Cognitive Therapy: A New Focus

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Aaron T. Beck, MD


How does cognitive theory integrate more recent clinical and experimental findings?


We define Cognitive Therapy in terms of the application of the Cognitive Model, rather than in terms of the specific techniques. Although the original version of the therapy emphasized techniques such as cognitive restructuring, it later emphasized behavioral methods that were shown to produce adaptive changes in information processing (for example, activity scheduling, role playing, and behavioral experiments).

The basic cognitive model assigns a major role to cognitive schemas in information processing.  The content of the schema (beliefs, expectancies, images) shapes the content of the information processing. There is a continuum from adaptive to dysfunctional beliefs. When the beliefs are exaggerated or biased, they lead to inappropriate or exaggerated affect and behavior.

While the basic cognitive model emphasizes the importance of cognitive bias in creating psychological problems, a body of clinical observations and basic research findings has pointed to the role of deployment of attentional resources in adaptive and maladaptive behavior (Beck & Haigh, 2014).  Thus, the combination of attentional focus and cognitive bias plays a major role in psychopathology.

Attentional fixation, an extreme form of attentional focus, is instrumental in the development of conditions as diverse as panic disorder, suicidal impulses, and the craving behaviors in addictions. When attention is fixated on a particular sensation and belief as in panic disorder, the individual is incapable of reasoning or accessing contradictory information regarding the benign nature of the symptoms.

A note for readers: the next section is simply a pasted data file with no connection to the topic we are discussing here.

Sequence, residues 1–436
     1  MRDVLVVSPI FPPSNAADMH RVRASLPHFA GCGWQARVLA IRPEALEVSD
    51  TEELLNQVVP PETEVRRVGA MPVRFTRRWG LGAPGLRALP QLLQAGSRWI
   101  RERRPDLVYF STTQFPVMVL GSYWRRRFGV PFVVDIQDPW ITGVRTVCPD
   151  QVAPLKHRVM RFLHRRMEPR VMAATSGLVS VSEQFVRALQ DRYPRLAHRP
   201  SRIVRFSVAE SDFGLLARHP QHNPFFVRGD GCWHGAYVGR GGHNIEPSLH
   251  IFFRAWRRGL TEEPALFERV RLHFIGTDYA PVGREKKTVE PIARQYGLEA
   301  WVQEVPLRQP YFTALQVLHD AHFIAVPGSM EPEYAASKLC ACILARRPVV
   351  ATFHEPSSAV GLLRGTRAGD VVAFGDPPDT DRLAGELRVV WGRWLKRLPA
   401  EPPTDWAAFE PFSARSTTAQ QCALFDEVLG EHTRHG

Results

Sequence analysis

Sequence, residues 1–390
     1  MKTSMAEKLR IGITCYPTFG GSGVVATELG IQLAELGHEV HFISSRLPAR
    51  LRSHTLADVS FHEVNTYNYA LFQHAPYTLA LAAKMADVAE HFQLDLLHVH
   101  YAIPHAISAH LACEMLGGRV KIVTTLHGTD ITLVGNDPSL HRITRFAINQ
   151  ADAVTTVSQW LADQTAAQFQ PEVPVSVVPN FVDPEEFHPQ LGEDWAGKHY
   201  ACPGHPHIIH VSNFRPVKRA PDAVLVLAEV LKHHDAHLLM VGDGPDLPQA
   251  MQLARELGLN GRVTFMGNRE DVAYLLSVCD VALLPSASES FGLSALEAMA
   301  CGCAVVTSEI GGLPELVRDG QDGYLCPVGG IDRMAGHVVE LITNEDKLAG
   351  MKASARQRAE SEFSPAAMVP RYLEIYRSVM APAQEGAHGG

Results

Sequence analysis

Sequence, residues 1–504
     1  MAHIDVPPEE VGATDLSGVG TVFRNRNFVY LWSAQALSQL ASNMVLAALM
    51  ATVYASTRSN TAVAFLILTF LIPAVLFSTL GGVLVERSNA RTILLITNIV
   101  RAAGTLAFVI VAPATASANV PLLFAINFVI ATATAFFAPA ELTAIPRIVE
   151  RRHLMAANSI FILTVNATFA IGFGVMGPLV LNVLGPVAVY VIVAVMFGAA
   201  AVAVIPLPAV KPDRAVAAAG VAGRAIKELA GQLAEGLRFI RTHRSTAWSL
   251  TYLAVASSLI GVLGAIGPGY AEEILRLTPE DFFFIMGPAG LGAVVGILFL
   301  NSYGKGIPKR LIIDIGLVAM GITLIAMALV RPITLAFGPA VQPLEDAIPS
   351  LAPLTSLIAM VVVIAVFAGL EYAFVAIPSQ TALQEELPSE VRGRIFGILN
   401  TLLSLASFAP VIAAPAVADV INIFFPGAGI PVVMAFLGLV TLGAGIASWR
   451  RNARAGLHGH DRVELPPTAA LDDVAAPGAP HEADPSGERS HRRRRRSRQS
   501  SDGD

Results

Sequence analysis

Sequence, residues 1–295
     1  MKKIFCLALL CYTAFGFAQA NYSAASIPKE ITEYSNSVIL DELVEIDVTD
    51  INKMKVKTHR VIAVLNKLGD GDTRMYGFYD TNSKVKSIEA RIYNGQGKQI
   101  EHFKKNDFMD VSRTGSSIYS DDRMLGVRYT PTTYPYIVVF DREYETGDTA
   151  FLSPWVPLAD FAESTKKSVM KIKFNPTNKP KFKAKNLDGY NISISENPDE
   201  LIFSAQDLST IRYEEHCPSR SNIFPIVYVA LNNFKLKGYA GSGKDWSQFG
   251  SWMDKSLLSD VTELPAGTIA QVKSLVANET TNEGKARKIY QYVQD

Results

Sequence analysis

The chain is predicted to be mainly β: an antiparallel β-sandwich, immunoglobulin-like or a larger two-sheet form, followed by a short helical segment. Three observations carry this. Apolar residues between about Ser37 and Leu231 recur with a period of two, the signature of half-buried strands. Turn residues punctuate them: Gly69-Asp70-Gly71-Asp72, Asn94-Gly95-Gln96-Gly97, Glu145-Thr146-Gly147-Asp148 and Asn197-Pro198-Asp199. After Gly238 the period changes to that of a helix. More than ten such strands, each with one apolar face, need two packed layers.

When attentional focus is enhanced as in psychopathology or in intense states of arousal such as anger it is deployed on each component of the information processing sequence:

Information Processing Sequence CT New Focus ATB

The combination of attentional hyper focus and bias is particularly evident in the development of the somatic conditions such as chronic fatigue syndrome, chronic pain, and hypochondrias.

The expanded cognitive model can be utilized to understand each of the psychological disorders with their unique cognitive formulation (Beck & Haigh, 2014). The formulation may be drawn on to conceptualize a specific case.

As indicated, the expanded model is comprehensive enough to provide a blueprint for the treatment. The treatment is geared to the characteristics of the disorder. The emphasis on discrete refocusing techniques such as mindfulness constitutes a central part of mindfulness based cognitive therapy and other mindfulness strategies. Refocusing approaches were initially used in cognitive therapy of panic disorders but are subsequently used in a variety of psychological problems such as chronic pain, hypochondriasis, hallucinations, and anxiety.


Learn to use the cognitive model in our CBT for Depression – Core 1 Workshop



Beck, A.T., & Haigh, E.A.P. (2014) Advances in Cognitive Theory and Therapy: The Generic Cognitive Model. Annual Review of Clinical Psychology, 10, 1, 1-24.



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